EU Parliament Passes Landmark Media Protection Law

The European Parliament has cast a decisive vote, ushering in a new era for media protection across the European Union. With 464 votes in favor, 92 against, and 65 abstentions, lawmakers have signaled a robust commitment to safeguarding journalists and media outlets from undue political and economic influence.

The landmark regulation mandates that EU member states must actively protect media independence, explicitly banning any form of interference in editorial decisions. This includes a prohibition on authorities pressuring journalists to reveal their sources, whether through personal detention, sanctions, office raids, or the installation of surveillance software on electronic devices.

In a significant victory for privacy rights, the European Parliament has established strict controls on the use of surveillance software. Such measures will now be permissible only in serious criminal investigations, subject to case-by-case judicial approval. Individuals under surveillance will be informed and granted the right to challenge the monitoring in court.

The regulation also addresses the editorial independence of public media. It stipulates that leadership positions within public broadcasters must be filled through transparent and impartial procedures, with secure tenure to prevent politically motivated dismissals. Furthermore, the funding of public media is to be transparent, objective, sustainable, and predictable.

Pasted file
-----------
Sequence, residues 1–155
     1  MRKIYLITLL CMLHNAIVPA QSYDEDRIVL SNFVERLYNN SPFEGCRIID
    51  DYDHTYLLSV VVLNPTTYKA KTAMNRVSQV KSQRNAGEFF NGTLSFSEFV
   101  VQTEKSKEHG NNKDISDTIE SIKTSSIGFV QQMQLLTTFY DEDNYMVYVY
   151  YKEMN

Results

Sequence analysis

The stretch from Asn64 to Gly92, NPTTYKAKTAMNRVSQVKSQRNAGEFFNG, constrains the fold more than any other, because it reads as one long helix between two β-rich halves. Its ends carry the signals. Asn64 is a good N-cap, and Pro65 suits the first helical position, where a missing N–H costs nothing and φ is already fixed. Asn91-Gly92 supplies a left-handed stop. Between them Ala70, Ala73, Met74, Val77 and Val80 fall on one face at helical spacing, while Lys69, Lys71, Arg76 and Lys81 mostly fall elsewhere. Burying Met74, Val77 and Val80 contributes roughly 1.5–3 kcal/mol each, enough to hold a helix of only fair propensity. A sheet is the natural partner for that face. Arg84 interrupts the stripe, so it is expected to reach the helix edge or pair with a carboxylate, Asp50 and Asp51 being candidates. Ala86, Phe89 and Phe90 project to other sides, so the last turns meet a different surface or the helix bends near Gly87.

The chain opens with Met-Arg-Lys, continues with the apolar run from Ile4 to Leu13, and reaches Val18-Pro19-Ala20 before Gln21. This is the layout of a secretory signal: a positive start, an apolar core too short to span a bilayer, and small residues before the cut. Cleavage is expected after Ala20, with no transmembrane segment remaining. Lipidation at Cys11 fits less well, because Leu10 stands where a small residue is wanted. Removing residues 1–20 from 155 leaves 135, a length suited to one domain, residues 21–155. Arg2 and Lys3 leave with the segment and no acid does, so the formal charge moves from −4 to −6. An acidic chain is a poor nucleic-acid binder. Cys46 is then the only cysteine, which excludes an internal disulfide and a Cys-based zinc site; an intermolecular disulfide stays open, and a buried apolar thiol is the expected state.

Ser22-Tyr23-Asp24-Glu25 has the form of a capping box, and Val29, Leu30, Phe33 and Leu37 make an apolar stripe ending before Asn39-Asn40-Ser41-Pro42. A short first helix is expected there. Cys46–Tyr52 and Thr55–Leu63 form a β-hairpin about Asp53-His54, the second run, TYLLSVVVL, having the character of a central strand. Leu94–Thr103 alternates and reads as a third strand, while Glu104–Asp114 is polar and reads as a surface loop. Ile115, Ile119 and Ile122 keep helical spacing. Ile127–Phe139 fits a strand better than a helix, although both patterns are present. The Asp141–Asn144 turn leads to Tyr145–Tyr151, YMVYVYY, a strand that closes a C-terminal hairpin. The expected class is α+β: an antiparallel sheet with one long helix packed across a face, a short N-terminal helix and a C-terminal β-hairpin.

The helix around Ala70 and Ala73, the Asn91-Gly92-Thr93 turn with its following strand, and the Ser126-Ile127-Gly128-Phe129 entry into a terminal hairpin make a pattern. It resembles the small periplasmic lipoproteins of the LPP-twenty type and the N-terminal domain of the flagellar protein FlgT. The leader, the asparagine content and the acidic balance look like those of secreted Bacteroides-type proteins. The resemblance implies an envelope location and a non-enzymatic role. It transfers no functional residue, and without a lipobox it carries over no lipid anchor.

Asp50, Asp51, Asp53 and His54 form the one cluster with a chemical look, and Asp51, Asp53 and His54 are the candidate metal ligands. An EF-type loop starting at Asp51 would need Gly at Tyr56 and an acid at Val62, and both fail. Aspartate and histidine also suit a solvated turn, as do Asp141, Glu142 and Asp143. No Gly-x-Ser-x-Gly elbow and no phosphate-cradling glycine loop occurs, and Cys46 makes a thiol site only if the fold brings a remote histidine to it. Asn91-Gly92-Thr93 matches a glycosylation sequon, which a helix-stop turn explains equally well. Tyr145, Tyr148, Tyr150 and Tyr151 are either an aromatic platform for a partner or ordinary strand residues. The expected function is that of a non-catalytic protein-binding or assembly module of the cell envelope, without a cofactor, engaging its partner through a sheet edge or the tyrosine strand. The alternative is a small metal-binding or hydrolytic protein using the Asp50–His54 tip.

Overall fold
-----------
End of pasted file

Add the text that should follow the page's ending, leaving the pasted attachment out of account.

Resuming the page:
In a move towards greater transparency, all news and current affairs media are required to disclose their ownership in a national database. This applies even to state-owned or state-influenced outlets, regardless of size.

The fair distribution of state advertising is another cornerstone of the new rules. Media outlets must now reveal their revenues from state advertising and funding, including contributions from non-EU countries. Detailed reports on the allocation of state advertising funds will also be made public.

To counteract potential overreach by major online platforms like Facebook, X (formerly Twitter), and Instagram, the regulation introduces a mechanism to prevent arbitrary content restrictions or deletions. Platforms must notify media outlets prior to taking action on their content, allowing for a response within 24 hours.

Sabine Verheyen (EPP, Germany) highlighted the critical role of media pluralism in democracy, while Ramona Strugariu (Renew, Romania) emphasized the regulation as a tool for journalists to resist pressures and challenges. The new EU regulation stands as a testament to the bloc’s dedication to media protection, journalist safety, media independence, and transparency in media ownership.

The European Parliament approved a new EU regulation for the protection of journalists and media from political and economic interventions, with 464 votes in favor, 92 against, and 65 abstentions

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